From October this year, all applicable retail products need to be properly labelled at the box level and on the retail shelf next to the price. In addition, some specific products will need to be labelled at the individual pack level. These include pre-packed meat, pre-packed meat products and meat packed on sales premises – plus pre-packed milk, pre-packed dairy products and dairy products packed on sales premises including pasteurised milk; pasteurised cream; sour cream; crème fraiche; pasteurised buttermilk; unpasteurised (raw) cheese and quark/cottage cheese.
By October 2024, “all milk and dairy products shall bear an individual marking”. And by October 2025, all ‘retail products’ will need to be individually labelled except those listed in Part 2 of Annex V, which are shelf-stable composite products complying with Article 3(1) of Commission Delegated Regulation (EU) 2021/63069.
All will continue to need marking at both the box and shelf levels.
What does this mean?
It will probably mean we in the rest of the UK will also start to see “NOT FOR EU” on individual packs of meat and milk based products. Producers based in GB supplying Northern Ireland will not be aware at the point of production where the goods will be dispatched to and will probably opt to have “NOT FOR EU” printed on all individual pack labels and multi-pack cartons.
It will be a constant reminder of what the UK is losing.
Border checks reduced but not eliminated
It would appear that checks at the Northern Ireland border are not eliminated altogether. For consignments that comply with these labelling requirements, there are “special rates of identity checks” which presumably applies to goods using the so-called ‘green’ channel.
These special rates of identity checks are reduced to 8% (one in 12) of all consignments for milk and dairy products and 5% (one in 20) of all consignments for the rest. A consignment is defined as a quantity of goods covered by the same “official certificate, official attestation or any other document” and conveyed by the same means of transport.
The framework says that each consignment of retail goods shall be accompanied by a general certificate issued by “the competent authorities of the United Kingdom, and which shall certify that the retail goods in the consignment comply with the requirements laid down in paragraph 1, points (a) to (f)”.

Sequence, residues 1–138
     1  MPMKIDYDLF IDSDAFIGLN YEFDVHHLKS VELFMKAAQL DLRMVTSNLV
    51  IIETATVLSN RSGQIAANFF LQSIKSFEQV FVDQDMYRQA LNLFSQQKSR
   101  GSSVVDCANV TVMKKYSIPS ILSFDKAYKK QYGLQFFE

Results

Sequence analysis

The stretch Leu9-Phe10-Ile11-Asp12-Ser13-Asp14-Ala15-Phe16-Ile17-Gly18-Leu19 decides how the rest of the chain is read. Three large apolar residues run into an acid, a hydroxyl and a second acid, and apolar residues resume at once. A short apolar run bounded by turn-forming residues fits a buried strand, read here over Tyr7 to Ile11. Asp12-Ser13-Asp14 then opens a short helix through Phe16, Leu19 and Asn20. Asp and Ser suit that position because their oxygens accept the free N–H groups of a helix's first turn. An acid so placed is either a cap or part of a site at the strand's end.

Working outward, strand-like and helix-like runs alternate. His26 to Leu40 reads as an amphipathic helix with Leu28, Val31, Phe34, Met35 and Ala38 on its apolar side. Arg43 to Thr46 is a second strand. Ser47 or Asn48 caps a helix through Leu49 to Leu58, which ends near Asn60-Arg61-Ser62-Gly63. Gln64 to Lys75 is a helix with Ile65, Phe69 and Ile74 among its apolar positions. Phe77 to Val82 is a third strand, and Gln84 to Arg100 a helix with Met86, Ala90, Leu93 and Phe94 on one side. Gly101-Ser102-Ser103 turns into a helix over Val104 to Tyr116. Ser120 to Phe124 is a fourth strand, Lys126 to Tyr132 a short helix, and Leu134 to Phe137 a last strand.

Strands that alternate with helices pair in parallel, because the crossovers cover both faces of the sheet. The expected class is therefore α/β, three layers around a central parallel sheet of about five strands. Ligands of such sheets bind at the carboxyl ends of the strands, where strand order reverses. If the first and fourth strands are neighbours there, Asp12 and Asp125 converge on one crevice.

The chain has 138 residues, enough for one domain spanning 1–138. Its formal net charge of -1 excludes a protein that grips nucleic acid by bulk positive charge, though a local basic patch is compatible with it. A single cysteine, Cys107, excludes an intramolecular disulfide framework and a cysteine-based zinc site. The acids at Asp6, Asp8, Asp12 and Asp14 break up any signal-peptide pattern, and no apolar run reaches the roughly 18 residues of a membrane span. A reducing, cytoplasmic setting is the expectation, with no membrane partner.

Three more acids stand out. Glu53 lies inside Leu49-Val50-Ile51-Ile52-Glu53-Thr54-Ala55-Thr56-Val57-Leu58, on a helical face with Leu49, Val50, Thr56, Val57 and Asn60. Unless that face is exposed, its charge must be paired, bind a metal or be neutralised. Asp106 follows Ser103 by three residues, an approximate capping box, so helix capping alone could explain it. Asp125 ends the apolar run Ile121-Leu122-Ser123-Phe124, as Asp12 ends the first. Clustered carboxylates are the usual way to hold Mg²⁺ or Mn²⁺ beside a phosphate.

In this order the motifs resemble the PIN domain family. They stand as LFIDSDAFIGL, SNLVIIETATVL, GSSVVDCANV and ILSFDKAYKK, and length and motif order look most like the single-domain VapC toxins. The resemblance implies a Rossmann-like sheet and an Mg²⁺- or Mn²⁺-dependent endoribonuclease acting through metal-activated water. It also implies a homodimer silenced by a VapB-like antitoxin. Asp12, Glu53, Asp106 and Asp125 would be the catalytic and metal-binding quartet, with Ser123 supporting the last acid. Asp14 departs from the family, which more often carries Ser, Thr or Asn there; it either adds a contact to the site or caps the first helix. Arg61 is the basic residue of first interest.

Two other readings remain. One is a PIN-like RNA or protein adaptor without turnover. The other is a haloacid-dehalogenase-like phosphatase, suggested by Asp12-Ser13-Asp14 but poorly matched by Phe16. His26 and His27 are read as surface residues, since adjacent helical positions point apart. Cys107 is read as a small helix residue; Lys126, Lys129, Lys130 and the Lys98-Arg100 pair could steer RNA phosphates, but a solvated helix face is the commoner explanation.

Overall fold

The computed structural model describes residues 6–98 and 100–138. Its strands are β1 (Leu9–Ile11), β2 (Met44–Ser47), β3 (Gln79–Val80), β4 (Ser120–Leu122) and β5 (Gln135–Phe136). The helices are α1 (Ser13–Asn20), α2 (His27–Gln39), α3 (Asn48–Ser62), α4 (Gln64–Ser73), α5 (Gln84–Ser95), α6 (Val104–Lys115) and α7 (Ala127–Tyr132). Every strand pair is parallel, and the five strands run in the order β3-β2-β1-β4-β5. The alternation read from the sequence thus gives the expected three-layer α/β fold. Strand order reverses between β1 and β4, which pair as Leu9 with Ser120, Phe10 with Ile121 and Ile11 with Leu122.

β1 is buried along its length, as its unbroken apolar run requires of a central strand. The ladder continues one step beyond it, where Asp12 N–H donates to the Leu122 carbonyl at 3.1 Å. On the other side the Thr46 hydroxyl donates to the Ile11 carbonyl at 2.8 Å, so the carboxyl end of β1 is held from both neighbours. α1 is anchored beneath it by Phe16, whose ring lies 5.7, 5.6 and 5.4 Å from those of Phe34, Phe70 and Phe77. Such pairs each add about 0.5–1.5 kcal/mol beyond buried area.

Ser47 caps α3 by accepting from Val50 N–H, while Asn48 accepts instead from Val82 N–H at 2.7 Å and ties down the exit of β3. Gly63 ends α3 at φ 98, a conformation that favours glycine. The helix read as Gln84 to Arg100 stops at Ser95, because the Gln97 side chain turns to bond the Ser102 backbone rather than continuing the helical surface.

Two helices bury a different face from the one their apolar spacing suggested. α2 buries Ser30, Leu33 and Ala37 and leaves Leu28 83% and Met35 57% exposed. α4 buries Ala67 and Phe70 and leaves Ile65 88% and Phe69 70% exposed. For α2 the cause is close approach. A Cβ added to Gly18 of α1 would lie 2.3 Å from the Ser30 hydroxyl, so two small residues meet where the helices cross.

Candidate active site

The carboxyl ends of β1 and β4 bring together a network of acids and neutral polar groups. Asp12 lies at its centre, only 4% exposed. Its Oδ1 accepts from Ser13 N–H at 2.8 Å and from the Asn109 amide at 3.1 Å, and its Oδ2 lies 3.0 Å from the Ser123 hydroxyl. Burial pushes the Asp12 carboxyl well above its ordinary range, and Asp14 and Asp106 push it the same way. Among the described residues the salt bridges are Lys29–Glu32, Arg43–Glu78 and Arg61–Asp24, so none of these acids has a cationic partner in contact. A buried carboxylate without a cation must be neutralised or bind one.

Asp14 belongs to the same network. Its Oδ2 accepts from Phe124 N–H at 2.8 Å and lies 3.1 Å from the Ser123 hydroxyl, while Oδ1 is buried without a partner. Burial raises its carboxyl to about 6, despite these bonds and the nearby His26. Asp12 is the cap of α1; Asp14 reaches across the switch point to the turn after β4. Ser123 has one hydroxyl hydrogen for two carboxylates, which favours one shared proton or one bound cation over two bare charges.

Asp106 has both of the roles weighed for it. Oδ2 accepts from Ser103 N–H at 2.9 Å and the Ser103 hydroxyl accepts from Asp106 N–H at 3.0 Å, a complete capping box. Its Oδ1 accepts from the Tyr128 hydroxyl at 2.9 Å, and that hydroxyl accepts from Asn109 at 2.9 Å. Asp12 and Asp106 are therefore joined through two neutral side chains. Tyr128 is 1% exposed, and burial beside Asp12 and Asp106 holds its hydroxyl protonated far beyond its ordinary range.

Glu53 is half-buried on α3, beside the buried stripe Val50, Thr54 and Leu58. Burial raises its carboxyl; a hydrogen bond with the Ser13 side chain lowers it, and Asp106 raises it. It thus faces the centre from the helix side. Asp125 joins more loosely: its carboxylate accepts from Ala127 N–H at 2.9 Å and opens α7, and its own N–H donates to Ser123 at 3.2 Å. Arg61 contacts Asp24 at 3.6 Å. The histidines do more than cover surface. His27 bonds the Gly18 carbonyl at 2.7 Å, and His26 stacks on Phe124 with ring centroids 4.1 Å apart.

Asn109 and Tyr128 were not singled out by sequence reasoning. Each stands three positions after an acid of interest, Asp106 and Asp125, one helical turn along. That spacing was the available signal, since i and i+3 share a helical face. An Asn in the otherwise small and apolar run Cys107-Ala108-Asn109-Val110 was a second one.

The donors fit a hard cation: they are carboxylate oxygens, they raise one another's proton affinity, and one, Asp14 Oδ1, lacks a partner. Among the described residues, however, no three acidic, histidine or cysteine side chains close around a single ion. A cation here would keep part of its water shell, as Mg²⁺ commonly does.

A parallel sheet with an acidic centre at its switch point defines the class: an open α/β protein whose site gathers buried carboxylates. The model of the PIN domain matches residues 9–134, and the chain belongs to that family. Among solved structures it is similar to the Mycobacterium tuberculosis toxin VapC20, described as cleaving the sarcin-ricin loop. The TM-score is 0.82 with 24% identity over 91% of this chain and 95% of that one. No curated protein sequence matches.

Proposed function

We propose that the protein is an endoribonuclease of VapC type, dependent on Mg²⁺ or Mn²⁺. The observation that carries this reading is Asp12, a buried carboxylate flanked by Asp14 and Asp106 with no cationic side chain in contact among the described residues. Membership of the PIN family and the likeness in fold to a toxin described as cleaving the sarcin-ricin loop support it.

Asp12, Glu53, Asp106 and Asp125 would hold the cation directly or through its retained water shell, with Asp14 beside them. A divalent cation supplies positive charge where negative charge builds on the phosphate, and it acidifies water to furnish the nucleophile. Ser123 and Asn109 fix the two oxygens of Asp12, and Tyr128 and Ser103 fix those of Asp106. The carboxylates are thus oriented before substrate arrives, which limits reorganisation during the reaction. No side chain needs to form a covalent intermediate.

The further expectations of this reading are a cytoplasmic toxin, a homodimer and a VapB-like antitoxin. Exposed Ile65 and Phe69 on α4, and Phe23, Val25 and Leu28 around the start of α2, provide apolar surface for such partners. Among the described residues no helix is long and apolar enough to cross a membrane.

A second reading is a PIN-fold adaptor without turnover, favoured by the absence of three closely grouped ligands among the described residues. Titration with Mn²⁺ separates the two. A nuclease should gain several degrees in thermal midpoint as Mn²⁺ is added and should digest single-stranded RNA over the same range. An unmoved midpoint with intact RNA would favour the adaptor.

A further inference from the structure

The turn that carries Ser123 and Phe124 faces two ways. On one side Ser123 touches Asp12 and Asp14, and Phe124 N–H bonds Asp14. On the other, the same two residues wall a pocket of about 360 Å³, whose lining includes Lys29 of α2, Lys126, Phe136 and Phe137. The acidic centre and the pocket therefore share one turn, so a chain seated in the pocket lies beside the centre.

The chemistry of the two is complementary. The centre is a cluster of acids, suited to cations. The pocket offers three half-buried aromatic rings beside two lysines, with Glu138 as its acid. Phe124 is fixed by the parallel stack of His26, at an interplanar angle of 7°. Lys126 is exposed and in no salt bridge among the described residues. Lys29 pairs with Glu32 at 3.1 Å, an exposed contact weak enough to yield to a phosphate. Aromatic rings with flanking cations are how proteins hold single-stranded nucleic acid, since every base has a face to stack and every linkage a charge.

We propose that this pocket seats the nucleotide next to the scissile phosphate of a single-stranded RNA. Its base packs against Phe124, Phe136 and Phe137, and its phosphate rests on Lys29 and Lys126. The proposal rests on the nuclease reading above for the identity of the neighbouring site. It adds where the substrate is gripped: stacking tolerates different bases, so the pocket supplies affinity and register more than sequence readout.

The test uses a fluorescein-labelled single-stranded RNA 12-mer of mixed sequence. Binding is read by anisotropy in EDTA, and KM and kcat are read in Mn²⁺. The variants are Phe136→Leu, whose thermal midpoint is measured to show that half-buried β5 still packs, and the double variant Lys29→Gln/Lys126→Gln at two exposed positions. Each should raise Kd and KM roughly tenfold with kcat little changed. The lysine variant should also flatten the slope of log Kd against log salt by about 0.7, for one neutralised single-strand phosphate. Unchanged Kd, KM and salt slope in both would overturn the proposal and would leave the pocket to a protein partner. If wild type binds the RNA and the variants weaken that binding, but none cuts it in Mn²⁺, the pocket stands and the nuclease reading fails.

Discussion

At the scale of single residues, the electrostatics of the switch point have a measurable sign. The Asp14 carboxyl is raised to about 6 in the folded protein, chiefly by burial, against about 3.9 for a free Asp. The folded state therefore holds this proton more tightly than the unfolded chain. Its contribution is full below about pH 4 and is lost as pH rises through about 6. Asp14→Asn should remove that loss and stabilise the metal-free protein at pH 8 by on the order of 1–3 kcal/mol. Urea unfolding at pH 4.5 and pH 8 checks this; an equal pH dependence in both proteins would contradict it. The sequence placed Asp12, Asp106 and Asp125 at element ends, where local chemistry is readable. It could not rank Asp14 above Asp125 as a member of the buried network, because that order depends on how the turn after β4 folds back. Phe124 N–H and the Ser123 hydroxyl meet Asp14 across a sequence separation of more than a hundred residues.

Paragraph 1 sets out a long list of requirements, including that the goods are only dispatched from listed establishments in parts of the UK (other than Northern Ireland) and received by listed establishments in Northern Ireland, and are “presented for official controls at SPS Inspection Facilities of first arrival in Northern Ireland” in accordance with EU Regulation 2017/625 (aka, official controls).
Which means every shipment to the province through the green channel has to be entered on a UK Government computer system and it is the government who is doing the certifying that all the conditions are met.
Does the framework meet all the DUP’s seven tests?
The deal means there is still an Irish border (red channel) and checks will still take place albeit not at the border (green channel), but as spot checks at the dispatching and receiving ends in what the EU refers to as increased market surveillance. Green channel users at both ends must be registered trusted traders and for each item on each consignment provide around 21 key data elements (a “super-reduced” data set), including the possibility to use the 6 or 8-digits of the Combined Nomenclature (‘CN’) code only, depending on the type of goods. The data will be available to the EU in real-time.
The framework appears to fall well short of two of the DUP’s seven tests. To meet test No 3, the new arrangements must not constitute a border in the Irish Sea and to meet No 5, there must be no checks on goods going from Northern Ireland to Great Britain or from Great Britain to Northern Ireland. All this is undeniable.
The border may be less intrusive and the frequency of checks at the border reduced but the price of that is what a reporter on the Belfast Telegraph who has looked at the details described as a “phenomenally bureaucratic new system” – of which labelling of retail goods is but a small part.
We wait to hear what the DUP will make of it all. Given that they must consult with their grassroots support, a forthcoming statement could take “months” to emerge.